Throughout our history as the human race, beauty and health regimes have gone in and out of trend; however, one constant has been the desire for straight teeth and subsequent techniques practised and developed over thousands of years.
The history of orthodontic work goes back well beyond 100BC, leaving us with almost unrecognisable precursors.
Many ancient civilisations, such as Ancient Greece, Rome and Egypt began focusing on oral cosmetics through teeth alignment; the oldest record being from Ancient Egypt.
Archaeologists have discovered intricate structures of metal bound around the teeth of Egyptian mummies. As clear in the image above, the use of contraptions similar would’ve been not only extremely painful but also inconvenient. Orthodontic devices like these are thought to only have been seen on extremely wealthy individuals, including Cleopatra. There is also evidence to suggest that these contraptions were often applied after the death of the individual. The societal significance of being able to afford such a procedure had been believed to be highly beneficial when entering the afterlife. This ideology of braces benefiting you in the afterlife was not carried through into modern orthodontics.
It wasn’t until the 1700s that orthodontic work progressed significantly, being particularly prevalent in France. New practices such as the removal of ‘third molars’ (wisdom teeth) had become common. With credit to French researcher, Pierre Fauchard (publisher of The Surgeon Dentist; or Treatise on the Teeth), the concept of wires and brackets restrained to the teeth was explored. This was further supported by his invention of ‘the bandeau’ (a metal horse shoe shaped frame bound to the teeth), along with other cosmetic devices such as bridges. The bandeau acknowledged the desire for round symmetrical teeth alignment, and used a simple device (as shown in the image above) to force teeth movement into the mould.
Fauchard was also responsible for the revelation that his studies on orthodontics were better demonstrated on children, due to their undeveloped teeth roots. Fauchard passed away in 1761, but his legacy led to huge developments in the orthodontic industry for many decades to come.
In the late 1800s, the use of rubber bands were popularised in the orthodontic industry.
The ‘wire crib’ became the standard device used for straightening teeth, marking the start of modern orthodontics. The common procedure consisted of the wire crib, bound by rubber bands which were periodically tightened. This concept of small adjustments over periods of time resulted in a slightly less painful procedure. The inclusion of elastics also began practise in the late 19th century, for bettering jaw position, facilitating for further accuracy in the alignment of the teeth.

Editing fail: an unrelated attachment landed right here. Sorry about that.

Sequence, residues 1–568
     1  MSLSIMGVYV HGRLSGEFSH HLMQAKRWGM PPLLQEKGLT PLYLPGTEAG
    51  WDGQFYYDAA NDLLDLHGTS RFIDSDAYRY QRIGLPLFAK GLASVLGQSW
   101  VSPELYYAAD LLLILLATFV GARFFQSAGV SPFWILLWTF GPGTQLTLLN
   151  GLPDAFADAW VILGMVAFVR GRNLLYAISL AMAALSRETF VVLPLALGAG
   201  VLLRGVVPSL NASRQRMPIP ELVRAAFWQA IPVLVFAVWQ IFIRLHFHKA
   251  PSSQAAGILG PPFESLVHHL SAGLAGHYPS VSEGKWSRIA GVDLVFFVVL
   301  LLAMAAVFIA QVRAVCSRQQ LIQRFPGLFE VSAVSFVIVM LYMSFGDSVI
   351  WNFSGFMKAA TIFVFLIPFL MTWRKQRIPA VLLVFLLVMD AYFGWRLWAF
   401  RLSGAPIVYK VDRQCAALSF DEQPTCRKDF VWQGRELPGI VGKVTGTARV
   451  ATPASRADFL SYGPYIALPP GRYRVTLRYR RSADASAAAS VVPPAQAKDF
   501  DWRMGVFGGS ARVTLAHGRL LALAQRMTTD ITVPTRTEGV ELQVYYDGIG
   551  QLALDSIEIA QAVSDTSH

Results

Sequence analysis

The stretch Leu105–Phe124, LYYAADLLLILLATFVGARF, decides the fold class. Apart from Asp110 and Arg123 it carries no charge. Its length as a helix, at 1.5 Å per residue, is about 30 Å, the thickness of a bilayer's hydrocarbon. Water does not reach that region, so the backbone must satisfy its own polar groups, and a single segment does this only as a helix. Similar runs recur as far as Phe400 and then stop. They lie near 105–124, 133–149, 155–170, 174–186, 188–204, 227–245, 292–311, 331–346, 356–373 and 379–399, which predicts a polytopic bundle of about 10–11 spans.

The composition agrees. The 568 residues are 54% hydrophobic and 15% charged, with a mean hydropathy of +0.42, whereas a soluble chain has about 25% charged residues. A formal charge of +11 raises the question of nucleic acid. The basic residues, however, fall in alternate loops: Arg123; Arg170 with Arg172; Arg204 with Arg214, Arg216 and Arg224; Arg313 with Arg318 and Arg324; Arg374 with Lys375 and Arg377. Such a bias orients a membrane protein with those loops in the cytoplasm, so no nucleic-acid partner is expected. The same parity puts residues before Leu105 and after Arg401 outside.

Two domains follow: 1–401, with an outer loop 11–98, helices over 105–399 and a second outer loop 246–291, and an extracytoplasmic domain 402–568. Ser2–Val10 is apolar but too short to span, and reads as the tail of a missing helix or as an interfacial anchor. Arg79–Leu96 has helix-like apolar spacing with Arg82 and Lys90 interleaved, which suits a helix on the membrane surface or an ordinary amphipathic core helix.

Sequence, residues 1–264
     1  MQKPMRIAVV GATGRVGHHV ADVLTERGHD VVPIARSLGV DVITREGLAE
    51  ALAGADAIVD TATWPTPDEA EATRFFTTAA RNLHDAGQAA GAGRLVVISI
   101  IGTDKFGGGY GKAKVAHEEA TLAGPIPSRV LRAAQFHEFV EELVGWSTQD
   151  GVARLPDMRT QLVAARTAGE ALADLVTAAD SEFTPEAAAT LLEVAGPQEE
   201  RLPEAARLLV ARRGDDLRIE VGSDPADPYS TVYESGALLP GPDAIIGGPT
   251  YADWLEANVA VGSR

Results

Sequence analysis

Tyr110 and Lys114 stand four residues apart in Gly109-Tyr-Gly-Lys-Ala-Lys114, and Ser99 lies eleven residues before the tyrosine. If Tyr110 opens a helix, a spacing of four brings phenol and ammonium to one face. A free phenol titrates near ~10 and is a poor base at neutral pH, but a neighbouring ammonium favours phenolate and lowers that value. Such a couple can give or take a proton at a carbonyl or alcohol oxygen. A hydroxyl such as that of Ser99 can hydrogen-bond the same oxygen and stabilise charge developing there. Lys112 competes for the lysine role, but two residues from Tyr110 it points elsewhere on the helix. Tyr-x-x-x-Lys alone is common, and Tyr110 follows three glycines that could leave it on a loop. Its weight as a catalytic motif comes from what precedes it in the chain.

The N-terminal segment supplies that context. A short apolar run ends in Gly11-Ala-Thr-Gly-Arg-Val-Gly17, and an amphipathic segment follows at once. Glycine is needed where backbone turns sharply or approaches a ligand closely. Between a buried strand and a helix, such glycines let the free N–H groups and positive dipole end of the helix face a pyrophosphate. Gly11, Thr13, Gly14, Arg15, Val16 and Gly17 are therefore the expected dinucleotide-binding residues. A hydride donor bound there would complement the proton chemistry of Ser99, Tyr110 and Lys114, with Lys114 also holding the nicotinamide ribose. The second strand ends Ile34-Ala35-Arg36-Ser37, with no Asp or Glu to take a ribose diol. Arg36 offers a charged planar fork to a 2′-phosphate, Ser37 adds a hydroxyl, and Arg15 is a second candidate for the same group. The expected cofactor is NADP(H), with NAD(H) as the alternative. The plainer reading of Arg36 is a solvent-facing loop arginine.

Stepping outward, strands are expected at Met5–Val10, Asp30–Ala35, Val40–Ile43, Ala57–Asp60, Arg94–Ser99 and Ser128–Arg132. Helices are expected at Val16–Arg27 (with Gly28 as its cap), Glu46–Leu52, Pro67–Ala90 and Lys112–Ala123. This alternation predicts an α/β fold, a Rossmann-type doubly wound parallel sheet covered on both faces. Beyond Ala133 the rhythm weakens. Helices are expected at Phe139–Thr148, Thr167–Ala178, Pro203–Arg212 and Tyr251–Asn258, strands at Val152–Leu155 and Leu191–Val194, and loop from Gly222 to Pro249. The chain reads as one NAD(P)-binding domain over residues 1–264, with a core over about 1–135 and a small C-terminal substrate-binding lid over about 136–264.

During the 20th century much of the orthodontic routine mirrored that of today, with the use of impressions for more acute analysis, the frequent of X-rays. A range of materials were used in orthodontics, from organic materials, such as and wood and ivory, to the preferred, but expensive, materials such as silver and gold. Due to the properties of gold, its malleability made it the seemingly perfect candidate; however the expense limited its demand to wealthier classes.
The 1900s was also responsible for term ‘braces’. Derived from the French root word ‘bracier’, (meaning to restrain, hold tightly to something) ‘braces’ was born.
Finally we have reached the familiar modern day braces. With quick treatment durations (spanning from a few months to a few years), and significantly less painful technologies; the slight discomfort associated with modern day braces is truly overlooked. The treatment of orthodontic work is more accessible than ever before, with reduced prices and an increase in practices. With over 60% of Australians considering or undertaking orthodontic treatment, the rise of the industry has resulted in 552 orthodontic practices just within the country.
Typical modern day braces consist of brackets (typically made of stainless steel), which are bonded using adhesive to the teeth. A wire which is threaded through the brackets is bound on with elastic bands. The pressure provided through the wire is what initiates the movement of the teeth.
Moving on from traditional braces, we have the new and flashy ‘Invisalign’ or aligners. Invisalign was the first company to produce clear aligners. Founded in 1998 by at the time university student Zia Chishti, Invisalign has sky rocketed, with many other companies creating similar products, such as ClearCorrect.
Aligners have been popular since introduced to the market due to the cosmetic benefit, especially compared to its predecessor; traditional braces. With a very similar price to traditional braces, they remain an accessible option.
However at this stage, aligners are a slightly less flexible option. Those with a cross bite, a large under bite or a large overbite sometimes face more difficulty pursuing this route.
As we look forward into the future of orthodontic treatment, we can predict treatment durations and prices reducing. With an overall predicted growth of 11% in dentists (2018-2028), the future of dentistry will be able to facilitating more research and more advancement giving us lots to look forward to.